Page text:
Former Dubai Bank chairman Hassan Zubeidi has been cited for contempt of court in a long-standing tussle with the Central Bank of Kenya (CBK) over his refusal to grant receiver managers access to Malindi-based Kemu Salt Packers – a company he fully owns.
Mr Zubeidi’s troubles are rooted in an earlier court battle with the Kenya Deposit Insurance Corporation (KDIC) – a CBK associate – that got orders to place Kemu Salt Packers under receivership to recover funds the businessman is believed to have obtained illegally from Dubai Bank.
The KDIC-appointed receiver managers had sued the businessman for contempt after he and co-directors denied the receiver managers access to the company’s premises even after he was served with court orders and for removing some of the firm’s assets from the said premises.
High Court judge Weldon Korir found that Mr Zubeidi and four other directors of Kemu Salt had acted in contempt of court in a decision that left the businessman with the prospect of serving six months in jail.
The CBK-appointed receiver managers, Peter Obondo Kahi and Anthony Muthusi, had filed the contempt application after one of Kemu Salt directors, Hussein Ismail, denied them access to the company’s premises.
Mr Kahi and Mr Muthusi claimed that they were only granted access to the salt mine after filing the application for contempt.
Mr Zubeidi, Mr Ismail, Khoja Nurddin, Ahmed Hassan and Hassan Ahmed Abdullahi are named in the suit as Kemu Salt Packers directors.
The receiver managers had claimed that Kemu Salt’s owners had continued to mine salt after denying them access, a move they said was in contempt of the court orders.
Justice Korir found that the directors only offered a general denial of claims by the receiver managers who had also provided photographic evidence of the salt mining.
“The respondents offered a general denial to these allegations only opting to attack the veracity of the averments of Mr Muthusi on grounds of his sources and quality of evidence,” said the judge.
Mr Ismail, who responded on behalf of Kemu Salt’s directors, claimed that the photos used as evidence were supplied to Mr Kahi and Mr Muthusi by an individual — Moses Wachira Mugo — who is not a party to the case.
“Even without the photographs and the information received by Mr Muthusi from the named sources, who included his advocate, the evidence of Mr Muthusi confirms, to the standard required in a case of this nature that the receiver managers were denied access to the plant despite court orders which were known to the company,” Justice Korir ruled.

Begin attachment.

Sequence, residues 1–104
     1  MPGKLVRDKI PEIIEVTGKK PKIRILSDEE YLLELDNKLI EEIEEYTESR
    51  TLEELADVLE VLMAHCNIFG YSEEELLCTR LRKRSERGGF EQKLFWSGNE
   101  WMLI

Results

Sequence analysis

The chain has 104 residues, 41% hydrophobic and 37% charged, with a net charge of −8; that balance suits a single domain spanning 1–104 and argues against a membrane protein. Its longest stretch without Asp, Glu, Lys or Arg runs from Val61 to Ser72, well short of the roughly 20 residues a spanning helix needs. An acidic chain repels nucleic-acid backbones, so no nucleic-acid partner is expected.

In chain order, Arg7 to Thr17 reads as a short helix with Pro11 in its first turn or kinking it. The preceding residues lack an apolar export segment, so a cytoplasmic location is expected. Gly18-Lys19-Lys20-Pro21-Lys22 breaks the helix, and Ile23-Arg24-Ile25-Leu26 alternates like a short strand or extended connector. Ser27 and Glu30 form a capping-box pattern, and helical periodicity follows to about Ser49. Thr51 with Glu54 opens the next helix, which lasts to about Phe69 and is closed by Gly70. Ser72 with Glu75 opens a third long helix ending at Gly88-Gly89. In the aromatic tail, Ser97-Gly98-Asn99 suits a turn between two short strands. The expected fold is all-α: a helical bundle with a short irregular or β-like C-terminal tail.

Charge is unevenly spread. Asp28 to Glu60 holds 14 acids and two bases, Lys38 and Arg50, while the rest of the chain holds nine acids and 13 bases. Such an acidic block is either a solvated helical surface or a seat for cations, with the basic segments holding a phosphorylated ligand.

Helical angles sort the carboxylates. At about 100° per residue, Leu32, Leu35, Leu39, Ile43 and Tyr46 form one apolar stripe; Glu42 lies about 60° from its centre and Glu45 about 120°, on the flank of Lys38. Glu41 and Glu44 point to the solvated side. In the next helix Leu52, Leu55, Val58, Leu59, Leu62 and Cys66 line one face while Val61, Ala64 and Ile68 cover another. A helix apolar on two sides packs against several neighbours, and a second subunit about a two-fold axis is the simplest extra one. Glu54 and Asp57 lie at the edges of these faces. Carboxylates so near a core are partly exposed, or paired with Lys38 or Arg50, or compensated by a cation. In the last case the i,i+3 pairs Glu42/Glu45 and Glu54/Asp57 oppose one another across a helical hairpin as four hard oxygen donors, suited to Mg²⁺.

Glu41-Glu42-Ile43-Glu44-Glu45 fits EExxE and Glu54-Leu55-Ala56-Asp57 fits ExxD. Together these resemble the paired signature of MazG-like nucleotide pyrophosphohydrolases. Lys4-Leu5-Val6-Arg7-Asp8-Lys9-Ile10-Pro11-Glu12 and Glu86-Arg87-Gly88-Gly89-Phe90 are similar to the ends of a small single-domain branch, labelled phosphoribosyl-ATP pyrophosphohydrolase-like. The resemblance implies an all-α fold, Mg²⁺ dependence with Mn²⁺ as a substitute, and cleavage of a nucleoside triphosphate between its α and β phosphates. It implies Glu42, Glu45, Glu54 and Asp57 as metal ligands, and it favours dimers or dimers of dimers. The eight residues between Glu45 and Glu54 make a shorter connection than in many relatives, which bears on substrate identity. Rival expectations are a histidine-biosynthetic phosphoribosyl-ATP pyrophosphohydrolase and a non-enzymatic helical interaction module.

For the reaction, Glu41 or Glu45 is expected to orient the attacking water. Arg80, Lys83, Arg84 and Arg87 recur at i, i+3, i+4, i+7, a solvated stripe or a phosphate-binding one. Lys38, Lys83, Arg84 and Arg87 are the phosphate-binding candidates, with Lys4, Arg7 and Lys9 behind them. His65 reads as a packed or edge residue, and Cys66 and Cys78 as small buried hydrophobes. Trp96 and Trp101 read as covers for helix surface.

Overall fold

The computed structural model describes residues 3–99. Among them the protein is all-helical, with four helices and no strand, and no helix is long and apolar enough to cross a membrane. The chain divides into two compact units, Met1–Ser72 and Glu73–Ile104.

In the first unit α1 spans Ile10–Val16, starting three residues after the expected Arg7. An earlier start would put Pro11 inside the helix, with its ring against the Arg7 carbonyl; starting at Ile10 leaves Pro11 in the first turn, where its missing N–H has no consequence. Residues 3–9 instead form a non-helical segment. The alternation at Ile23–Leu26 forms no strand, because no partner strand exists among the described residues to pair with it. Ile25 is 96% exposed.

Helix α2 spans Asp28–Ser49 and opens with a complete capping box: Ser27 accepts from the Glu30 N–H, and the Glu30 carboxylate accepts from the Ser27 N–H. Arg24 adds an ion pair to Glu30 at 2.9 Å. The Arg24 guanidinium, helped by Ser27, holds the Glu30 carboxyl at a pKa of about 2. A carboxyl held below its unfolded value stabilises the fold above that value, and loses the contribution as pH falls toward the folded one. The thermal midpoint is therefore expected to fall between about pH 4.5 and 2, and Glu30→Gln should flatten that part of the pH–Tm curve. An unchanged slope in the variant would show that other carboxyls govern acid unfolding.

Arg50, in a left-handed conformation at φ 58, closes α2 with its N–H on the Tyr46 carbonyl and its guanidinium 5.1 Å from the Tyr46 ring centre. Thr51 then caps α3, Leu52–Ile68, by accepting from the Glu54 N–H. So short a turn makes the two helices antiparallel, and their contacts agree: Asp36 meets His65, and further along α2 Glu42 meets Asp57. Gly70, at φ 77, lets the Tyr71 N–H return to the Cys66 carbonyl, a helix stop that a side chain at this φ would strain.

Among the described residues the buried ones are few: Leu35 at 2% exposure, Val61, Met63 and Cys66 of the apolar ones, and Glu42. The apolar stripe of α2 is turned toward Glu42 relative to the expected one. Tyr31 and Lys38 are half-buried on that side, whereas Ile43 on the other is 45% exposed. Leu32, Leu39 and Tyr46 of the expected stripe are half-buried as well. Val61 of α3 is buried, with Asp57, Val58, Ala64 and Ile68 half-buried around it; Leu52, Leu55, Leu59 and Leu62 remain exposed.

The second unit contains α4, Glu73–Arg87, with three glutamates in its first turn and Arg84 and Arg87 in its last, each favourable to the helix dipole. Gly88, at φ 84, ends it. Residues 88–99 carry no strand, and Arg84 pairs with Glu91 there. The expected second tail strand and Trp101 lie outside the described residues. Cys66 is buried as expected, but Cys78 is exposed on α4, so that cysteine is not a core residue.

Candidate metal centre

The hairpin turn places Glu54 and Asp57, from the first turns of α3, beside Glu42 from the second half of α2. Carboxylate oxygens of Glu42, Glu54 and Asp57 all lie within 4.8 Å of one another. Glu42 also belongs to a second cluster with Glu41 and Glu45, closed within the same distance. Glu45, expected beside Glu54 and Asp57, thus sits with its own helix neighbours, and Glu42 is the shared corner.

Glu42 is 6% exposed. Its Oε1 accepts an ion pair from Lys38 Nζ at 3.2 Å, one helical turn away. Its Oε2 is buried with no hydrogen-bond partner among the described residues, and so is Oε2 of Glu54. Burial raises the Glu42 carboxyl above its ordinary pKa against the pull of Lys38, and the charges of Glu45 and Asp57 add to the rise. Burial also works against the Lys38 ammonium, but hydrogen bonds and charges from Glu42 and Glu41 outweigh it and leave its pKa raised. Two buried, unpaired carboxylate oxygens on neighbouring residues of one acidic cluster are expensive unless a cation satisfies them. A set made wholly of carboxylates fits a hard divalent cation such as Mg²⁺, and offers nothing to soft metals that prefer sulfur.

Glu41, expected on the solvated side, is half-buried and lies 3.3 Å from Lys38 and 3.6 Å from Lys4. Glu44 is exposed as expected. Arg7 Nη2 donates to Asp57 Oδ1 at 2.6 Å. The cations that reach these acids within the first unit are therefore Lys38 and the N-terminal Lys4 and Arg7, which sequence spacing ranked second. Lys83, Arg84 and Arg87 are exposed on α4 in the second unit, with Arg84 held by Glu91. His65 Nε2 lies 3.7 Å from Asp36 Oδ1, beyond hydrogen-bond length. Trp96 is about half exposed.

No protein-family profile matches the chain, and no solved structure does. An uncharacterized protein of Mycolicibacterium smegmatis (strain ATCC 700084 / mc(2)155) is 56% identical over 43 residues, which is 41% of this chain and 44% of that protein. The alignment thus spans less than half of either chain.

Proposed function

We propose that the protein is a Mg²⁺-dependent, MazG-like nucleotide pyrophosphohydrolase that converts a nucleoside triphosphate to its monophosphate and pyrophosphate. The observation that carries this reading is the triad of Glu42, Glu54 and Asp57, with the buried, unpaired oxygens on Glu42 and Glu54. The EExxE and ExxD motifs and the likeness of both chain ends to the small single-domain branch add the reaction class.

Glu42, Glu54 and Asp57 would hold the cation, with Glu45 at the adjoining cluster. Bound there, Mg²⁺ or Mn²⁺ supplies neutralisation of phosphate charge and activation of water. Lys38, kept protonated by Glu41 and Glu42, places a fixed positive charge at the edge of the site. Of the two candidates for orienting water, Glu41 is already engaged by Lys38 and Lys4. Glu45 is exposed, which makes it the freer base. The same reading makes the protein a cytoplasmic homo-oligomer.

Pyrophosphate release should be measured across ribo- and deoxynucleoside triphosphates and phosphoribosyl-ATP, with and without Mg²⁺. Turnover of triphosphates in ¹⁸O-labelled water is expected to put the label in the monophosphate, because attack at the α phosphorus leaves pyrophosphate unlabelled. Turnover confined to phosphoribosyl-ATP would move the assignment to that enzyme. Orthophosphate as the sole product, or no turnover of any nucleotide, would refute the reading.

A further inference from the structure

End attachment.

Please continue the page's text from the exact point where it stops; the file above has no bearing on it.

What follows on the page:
Under Kenyan law, a judge may sentence individuals found in contempt of court to jail for a period not exceeding six months, or a fine not exceeding Sh200,000. However, at his or her discretion, the judge may decide to hit an offender with both.
The KDIC placed Kemu Salt under receivership to recover funds Mr Zubeidi is believed to have obtained illegally from Dubai Bank. But Kemu Salt in November last year obtained a court order suspending the receivership.
Barely a month later, High Court judge Said Chitembwe set aside the suspension and allowed Mr Kahi and Mr Muthusi to return to Kemu Salt as receiver managers.
Mr Kahi and Mr Muthusi said that after they regained full control of Kemu Salt, they discovered that three generators, four packing machines, a mechanical weighing scale and a horizontal thermic boiler were missing.
Justice Korir has, however, allowed Mr Zubeidi and his co-directors to appear before him and show why they should receive a softer landing.
“The respondents who are said to be either directors or shareholders of Kemu Salt therefore acted in defiance of court orders. The applicants’ case is proved and their application succeeds. The contemnors will be given an opportunity to mitigate before sentence is passed on a date to be set after the delivery of this ruling,” Justice Korir added.
The KDIC in a status report claimed that Mr Zubeidi, who founded Dubai Bank and served as its chairman until its 2015 collapse, used his influence to issue unsecured loans to his firms.
Dubai Bank was placed under statutory management after the CBK accused it of cooking books to appear stable.
The CBK said the bank had lied that its liquidity ratios stood at 27.1 per cent at the end of 2014 and 21.4 per cent in March 2015 while investigations showed the actual figure was 9.6 per cent.
Under Kenyan laws, banks must maintain a liquidity ratio of not less than 20 per cent.
Dubai Bank had by August 2015 advanced Sh4.1 billion in loans, 98 per cent of which had not been serviced for more than three months, raising fears that more than half the amount would not be paid.